September 30, 2012: Wounded civilians, children, and FSA fighters are treated inside an Aleppo hospital.  

VICE: How long have you been a doctor?
Dr. Osman: Since 2005.

Your hospital has been hit numerous times by Assad’s forces, is that correct?
Yes. It has been hit five times and more than 15 times around the hospital.

Do you consider these actions to be war crimes? 
Yes, of course, but the Syrian regime considers medical staffs and doctors military targets.

Why do you think that is?
Because when you kill one doctor, it’s much better than killing 1,000 fighters.

Is your life in danger?
My life has been in danger for a long time, but my concerns are for my family and my father and my mother because the Syrian regime will capture me and make trouble for everybody I know here. 

But you’re willing to take that risk. Why?
I’m not a man who escapes from his duty; this is my duty, this is my life, this is my message. We save lives.

Did you sign the Hippocratic oath when you finished university, agreeing you would save lives and do no harm for the term of your service?
Yes, all doctors do that.

Assad is a doctor by training, so he must have signed it too. 
Assad is a doctor by law, but in his blood he is a dictator.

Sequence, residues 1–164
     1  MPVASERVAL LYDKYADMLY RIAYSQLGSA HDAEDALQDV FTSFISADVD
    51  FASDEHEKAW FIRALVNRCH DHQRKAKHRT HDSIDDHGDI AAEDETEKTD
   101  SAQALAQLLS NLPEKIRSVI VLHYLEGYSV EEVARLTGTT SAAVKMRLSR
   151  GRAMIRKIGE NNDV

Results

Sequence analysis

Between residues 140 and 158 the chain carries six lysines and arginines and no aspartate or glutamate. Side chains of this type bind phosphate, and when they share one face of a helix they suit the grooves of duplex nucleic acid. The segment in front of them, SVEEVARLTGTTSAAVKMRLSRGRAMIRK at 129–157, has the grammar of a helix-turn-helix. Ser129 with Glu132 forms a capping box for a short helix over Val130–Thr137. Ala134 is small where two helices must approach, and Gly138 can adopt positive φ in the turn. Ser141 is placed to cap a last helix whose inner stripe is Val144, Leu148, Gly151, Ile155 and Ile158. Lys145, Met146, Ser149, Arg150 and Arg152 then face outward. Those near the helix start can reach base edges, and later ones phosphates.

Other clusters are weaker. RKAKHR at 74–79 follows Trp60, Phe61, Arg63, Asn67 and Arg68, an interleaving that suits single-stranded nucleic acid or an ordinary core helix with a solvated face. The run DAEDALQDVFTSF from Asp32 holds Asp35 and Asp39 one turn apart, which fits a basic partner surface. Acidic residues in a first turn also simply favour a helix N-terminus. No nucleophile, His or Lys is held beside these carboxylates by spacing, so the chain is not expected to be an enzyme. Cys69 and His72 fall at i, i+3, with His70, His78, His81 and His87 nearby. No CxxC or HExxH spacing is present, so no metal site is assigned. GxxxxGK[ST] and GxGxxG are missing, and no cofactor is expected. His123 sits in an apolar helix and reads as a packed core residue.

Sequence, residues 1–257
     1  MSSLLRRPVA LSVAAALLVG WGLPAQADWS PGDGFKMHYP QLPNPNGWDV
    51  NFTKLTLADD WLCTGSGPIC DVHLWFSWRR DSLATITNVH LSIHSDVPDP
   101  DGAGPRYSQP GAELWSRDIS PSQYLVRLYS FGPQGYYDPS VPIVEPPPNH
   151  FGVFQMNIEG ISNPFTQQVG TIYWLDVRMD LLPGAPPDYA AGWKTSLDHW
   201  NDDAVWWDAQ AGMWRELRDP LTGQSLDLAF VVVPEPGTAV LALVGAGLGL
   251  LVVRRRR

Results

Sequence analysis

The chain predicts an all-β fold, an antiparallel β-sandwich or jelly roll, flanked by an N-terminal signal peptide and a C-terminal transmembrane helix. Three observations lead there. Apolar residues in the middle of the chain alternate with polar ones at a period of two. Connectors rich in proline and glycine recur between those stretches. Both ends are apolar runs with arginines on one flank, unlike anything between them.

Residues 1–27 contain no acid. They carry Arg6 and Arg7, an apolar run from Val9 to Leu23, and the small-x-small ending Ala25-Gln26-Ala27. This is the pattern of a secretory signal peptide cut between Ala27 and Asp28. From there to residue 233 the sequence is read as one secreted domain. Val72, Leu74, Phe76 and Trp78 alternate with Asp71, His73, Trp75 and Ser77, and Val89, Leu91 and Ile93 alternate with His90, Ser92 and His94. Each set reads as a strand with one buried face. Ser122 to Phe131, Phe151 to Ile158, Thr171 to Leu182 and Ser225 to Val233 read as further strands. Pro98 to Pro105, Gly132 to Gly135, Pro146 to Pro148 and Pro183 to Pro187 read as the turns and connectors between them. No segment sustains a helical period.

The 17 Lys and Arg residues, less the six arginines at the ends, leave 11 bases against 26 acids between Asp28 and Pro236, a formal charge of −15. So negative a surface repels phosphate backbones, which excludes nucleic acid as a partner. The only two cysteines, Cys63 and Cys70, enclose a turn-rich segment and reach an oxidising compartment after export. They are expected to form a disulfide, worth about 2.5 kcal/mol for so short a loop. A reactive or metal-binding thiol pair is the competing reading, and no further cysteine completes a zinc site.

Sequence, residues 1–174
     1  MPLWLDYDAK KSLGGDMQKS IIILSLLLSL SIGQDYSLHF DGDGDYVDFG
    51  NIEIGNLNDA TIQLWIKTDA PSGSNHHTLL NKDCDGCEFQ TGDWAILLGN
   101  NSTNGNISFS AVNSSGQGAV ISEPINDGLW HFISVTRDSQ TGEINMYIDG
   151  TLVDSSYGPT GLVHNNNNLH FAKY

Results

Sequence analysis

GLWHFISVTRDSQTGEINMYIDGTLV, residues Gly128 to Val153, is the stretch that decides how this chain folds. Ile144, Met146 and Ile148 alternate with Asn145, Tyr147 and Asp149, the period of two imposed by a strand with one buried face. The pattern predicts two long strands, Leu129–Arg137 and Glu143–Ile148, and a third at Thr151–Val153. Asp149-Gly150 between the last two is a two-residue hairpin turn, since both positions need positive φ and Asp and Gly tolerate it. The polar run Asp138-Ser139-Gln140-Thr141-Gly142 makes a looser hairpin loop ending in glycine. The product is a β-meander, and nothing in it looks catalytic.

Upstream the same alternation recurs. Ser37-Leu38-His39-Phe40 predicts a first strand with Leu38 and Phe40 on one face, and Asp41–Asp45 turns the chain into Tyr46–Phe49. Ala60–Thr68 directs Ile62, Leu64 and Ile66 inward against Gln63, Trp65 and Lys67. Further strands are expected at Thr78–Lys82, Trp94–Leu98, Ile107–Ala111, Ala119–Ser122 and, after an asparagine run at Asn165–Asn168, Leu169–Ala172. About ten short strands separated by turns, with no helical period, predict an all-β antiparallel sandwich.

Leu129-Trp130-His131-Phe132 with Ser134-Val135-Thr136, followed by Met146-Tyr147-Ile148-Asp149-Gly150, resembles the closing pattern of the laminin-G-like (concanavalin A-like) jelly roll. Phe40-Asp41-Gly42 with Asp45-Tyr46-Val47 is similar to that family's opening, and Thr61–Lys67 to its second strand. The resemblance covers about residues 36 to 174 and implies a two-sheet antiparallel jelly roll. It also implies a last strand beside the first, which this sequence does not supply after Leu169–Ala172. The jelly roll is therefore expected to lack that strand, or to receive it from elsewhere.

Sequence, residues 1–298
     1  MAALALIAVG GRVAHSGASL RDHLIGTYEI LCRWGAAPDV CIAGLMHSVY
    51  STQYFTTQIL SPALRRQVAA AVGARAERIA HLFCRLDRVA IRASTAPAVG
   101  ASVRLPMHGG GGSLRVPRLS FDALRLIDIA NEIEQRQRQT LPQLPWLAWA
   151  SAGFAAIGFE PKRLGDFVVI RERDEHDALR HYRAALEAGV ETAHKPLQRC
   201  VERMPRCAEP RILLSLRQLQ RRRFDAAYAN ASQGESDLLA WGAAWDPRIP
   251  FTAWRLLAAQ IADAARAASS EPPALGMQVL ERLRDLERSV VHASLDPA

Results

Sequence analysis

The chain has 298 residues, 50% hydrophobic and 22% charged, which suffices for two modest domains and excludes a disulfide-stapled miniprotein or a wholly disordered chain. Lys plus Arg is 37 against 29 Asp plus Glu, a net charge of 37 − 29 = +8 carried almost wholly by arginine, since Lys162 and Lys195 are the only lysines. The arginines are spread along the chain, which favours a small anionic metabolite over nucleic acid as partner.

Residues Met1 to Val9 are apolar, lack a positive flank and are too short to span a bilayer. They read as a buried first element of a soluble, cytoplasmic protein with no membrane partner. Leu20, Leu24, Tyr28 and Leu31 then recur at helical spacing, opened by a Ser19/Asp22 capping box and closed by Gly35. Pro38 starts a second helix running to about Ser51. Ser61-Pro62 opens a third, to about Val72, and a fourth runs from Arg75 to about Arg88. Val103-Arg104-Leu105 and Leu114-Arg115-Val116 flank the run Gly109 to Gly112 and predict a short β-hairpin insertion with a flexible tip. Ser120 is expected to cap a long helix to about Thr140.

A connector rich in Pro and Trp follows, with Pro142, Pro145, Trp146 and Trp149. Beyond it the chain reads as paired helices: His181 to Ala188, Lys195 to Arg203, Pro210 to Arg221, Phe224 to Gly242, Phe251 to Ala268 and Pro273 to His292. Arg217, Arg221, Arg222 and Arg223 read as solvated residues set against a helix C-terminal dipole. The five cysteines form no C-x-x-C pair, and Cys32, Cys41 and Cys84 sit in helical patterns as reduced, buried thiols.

So you’re saying he doesn’t honor his oath?
No, and he has had many doctors killed. Three of my friends were captured by Air Force intelligence. They captured medical students and killed them and one of their buddies. 

You doctors are considered heroes in this revolution. Would you consider yourself a hero?
No, I am a normal person. I just do my duty. We worked from the beginning of the demonstrations and revolution. I was arrested two times; I stayed in prison for five months. Many more people are arrested and have trouble. 

Why were you arrested?
I was arrested because I treated a wounded person who was injured in a demonstration.

How long can you keep patients at your hospital? 
This is not a safe area—the hospitals are not safe. We can’t make patients stay here for a long time, so we send them to a safe area if necessary. 

Does your hospital lack medical supplies?
Yes. It’s good but not good enough. We have some materials and supplies. The biggest problem is the surgery supplies. Many of my patients have died because there is not always enough proper surgery equipment and anesthesia.

On average, how many patients do you treat?
Between 100 and 150 in a week. Most are civilians. Some are from the Free Syrian Army.

Are you getting any outside support from the West?
Yes, we have doctors working at the hospital who are British, and many others support us. But our biggest support comes from our brothers in Egypt.

Is it hard for you to sleep at night?
Every night I see bad dreams about children who have leg amputations, and every day I think about going outside Syria to continue my normal life. But if I left, who would take these patients? I hope this war will end soon and we will change this problem and not see these bad dreams.

For an overview of the issues that have fuelled the conflict in Syria, we recommend reading "Road to Ruin," our condensed timeline of Syrian history, and "The VICE Guide to Syria," a crash course on the country's geopolitical, cultural, and religious complexities.